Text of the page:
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Narrative Versus Step-by-Step Instructions for Computer Procedures
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Selected Research and Development Presentations at the National Convention of the Association for Educational Communications and Technology (AECT) Sponsored by the Research and Theory Division,

Abstract

This paper describes a study designed to investigate the effectiveness of narrative versus step-by-step instructions for a computer task. The participants in this study were 31 undergraduate education students enrolled in a computer literacy class at the University of Memphis during the Summer 1996 semester; none of the participants had prior knowledge of e-mail. Participants were randomly assigned to one of the two treatment groups and were individually observed as they completed the steps for retrieving, replying, spell checking, and sending e-mail using software on a mainframe computer. After completion of their respective treatments, participants completed a survey designed to assess their attitudes toward the instruction. There was no performance time difference between the two groups, but the step-by-step treatment made fewer errors during the more complex tasks. There was a lack of difference in attitude between the two groups. A figure illustrating the performance rating form used by the researchers is included, as well as tables containing data on errors on task and errors by treatment. (DLS)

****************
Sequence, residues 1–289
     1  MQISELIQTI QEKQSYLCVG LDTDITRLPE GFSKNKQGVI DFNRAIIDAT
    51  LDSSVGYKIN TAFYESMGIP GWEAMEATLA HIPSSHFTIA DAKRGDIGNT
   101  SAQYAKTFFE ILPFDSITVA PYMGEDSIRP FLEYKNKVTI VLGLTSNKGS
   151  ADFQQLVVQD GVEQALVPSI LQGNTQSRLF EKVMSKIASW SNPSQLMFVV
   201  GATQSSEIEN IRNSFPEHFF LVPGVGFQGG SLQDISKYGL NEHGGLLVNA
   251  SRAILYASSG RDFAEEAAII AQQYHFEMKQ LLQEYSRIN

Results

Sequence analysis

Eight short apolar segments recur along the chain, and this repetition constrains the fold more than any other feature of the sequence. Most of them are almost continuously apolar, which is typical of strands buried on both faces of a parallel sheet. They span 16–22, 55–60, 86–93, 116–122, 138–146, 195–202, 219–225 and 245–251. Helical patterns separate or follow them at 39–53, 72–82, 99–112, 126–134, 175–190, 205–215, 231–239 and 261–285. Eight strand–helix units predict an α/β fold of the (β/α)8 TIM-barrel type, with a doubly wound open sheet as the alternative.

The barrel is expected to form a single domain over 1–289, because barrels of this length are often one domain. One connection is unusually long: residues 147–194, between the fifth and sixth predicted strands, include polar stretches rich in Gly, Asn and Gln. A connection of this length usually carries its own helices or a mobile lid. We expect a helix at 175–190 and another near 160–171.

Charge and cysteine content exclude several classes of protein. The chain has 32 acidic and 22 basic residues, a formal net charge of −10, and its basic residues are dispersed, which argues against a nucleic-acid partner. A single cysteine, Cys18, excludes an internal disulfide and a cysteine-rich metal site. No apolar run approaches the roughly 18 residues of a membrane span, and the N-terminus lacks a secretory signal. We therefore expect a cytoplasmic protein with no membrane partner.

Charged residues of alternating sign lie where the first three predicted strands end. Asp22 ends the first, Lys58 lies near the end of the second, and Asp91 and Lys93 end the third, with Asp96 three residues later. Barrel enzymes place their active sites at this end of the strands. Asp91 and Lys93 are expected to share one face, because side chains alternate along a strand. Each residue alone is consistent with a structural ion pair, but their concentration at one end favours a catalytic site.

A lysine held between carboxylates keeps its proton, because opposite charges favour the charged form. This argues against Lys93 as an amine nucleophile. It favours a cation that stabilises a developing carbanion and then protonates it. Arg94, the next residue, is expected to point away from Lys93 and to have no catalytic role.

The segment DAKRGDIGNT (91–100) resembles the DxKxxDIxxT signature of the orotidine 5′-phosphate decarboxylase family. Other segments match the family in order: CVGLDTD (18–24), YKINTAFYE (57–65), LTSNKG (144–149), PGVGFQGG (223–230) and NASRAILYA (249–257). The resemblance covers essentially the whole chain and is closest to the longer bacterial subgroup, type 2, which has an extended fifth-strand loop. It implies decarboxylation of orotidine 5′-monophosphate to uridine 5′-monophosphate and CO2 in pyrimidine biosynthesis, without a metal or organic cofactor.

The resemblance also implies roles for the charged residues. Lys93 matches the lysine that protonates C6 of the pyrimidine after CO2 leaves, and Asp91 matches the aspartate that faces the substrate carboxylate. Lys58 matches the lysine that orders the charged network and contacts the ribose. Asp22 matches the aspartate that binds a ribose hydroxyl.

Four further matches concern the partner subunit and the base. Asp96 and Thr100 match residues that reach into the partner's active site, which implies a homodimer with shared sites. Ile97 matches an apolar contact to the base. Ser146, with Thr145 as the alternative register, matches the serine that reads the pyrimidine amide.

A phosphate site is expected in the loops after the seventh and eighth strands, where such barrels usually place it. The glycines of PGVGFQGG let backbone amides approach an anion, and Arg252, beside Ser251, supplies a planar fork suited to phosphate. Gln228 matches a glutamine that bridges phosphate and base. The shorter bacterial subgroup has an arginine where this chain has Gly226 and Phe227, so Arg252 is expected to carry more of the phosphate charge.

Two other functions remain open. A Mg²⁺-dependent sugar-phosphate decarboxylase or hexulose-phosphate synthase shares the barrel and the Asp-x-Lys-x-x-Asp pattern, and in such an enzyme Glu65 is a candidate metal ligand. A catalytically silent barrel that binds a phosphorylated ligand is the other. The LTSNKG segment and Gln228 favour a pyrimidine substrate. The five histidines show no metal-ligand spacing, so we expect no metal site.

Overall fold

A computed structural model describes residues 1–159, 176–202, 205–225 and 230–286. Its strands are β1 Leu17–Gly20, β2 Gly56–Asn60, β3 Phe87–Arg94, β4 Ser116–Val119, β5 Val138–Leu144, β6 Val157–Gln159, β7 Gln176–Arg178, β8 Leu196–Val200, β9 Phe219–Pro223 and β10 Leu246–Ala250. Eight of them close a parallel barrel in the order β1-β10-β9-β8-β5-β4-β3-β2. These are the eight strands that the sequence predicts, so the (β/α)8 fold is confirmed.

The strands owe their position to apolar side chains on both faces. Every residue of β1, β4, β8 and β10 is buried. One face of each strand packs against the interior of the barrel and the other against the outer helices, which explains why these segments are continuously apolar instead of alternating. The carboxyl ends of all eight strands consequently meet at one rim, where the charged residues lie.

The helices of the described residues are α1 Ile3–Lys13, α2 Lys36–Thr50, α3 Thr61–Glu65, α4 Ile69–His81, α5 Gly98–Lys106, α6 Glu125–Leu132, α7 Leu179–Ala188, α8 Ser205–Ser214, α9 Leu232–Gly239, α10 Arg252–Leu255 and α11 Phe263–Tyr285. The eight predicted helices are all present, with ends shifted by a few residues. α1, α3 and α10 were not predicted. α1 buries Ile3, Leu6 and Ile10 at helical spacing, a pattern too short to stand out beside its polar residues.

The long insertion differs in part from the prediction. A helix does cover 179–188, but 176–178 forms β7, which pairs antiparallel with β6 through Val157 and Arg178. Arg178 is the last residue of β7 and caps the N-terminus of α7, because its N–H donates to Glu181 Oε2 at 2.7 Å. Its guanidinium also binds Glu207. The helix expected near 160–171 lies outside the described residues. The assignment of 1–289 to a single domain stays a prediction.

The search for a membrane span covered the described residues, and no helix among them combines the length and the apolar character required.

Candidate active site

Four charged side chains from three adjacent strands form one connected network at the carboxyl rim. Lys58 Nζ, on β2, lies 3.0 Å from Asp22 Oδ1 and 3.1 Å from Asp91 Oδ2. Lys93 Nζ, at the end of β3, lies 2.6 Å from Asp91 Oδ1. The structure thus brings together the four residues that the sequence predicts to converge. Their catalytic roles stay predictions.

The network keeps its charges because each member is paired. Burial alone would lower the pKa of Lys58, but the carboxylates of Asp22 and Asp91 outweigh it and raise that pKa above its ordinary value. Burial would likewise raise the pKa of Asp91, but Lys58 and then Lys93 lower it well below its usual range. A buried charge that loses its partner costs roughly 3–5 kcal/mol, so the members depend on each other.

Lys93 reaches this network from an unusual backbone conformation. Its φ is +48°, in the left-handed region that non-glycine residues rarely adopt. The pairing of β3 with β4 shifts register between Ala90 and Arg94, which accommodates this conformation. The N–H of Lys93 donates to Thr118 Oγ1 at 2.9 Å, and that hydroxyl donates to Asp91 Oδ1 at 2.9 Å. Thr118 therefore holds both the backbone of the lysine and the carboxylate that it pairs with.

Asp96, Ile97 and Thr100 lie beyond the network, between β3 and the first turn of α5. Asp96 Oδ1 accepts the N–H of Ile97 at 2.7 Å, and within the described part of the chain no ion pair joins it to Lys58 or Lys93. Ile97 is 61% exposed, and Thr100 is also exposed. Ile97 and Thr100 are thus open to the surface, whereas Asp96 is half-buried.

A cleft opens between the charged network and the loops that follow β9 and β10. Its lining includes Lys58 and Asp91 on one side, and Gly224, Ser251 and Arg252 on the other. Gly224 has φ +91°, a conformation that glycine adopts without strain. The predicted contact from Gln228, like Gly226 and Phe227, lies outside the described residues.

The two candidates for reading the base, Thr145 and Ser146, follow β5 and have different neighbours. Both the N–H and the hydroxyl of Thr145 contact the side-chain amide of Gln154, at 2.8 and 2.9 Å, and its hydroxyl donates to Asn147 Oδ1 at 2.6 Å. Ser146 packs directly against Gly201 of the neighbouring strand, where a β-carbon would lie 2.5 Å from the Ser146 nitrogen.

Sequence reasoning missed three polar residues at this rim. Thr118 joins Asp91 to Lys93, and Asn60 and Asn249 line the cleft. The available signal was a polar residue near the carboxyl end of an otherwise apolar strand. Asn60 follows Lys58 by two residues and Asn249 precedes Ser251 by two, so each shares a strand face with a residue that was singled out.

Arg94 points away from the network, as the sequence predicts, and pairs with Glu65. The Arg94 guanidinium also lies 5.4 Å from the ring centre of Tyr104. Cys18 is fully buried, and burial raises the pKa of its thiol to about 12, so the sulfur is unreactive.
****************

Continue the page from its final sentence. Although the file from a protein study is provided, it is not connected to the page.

Citation

MacLeod, L.G. & Morrison, G.R. (1998). Narrative Versus Step-by-Step Instructions for Computer Procedures. Presented at Selected Research and Development Presentations at the National Convention of the Association for Educational Communications and Technology (AECT) Sponsored by the Research and Theory Division 1998. Retrieved April 21, 2021 from .

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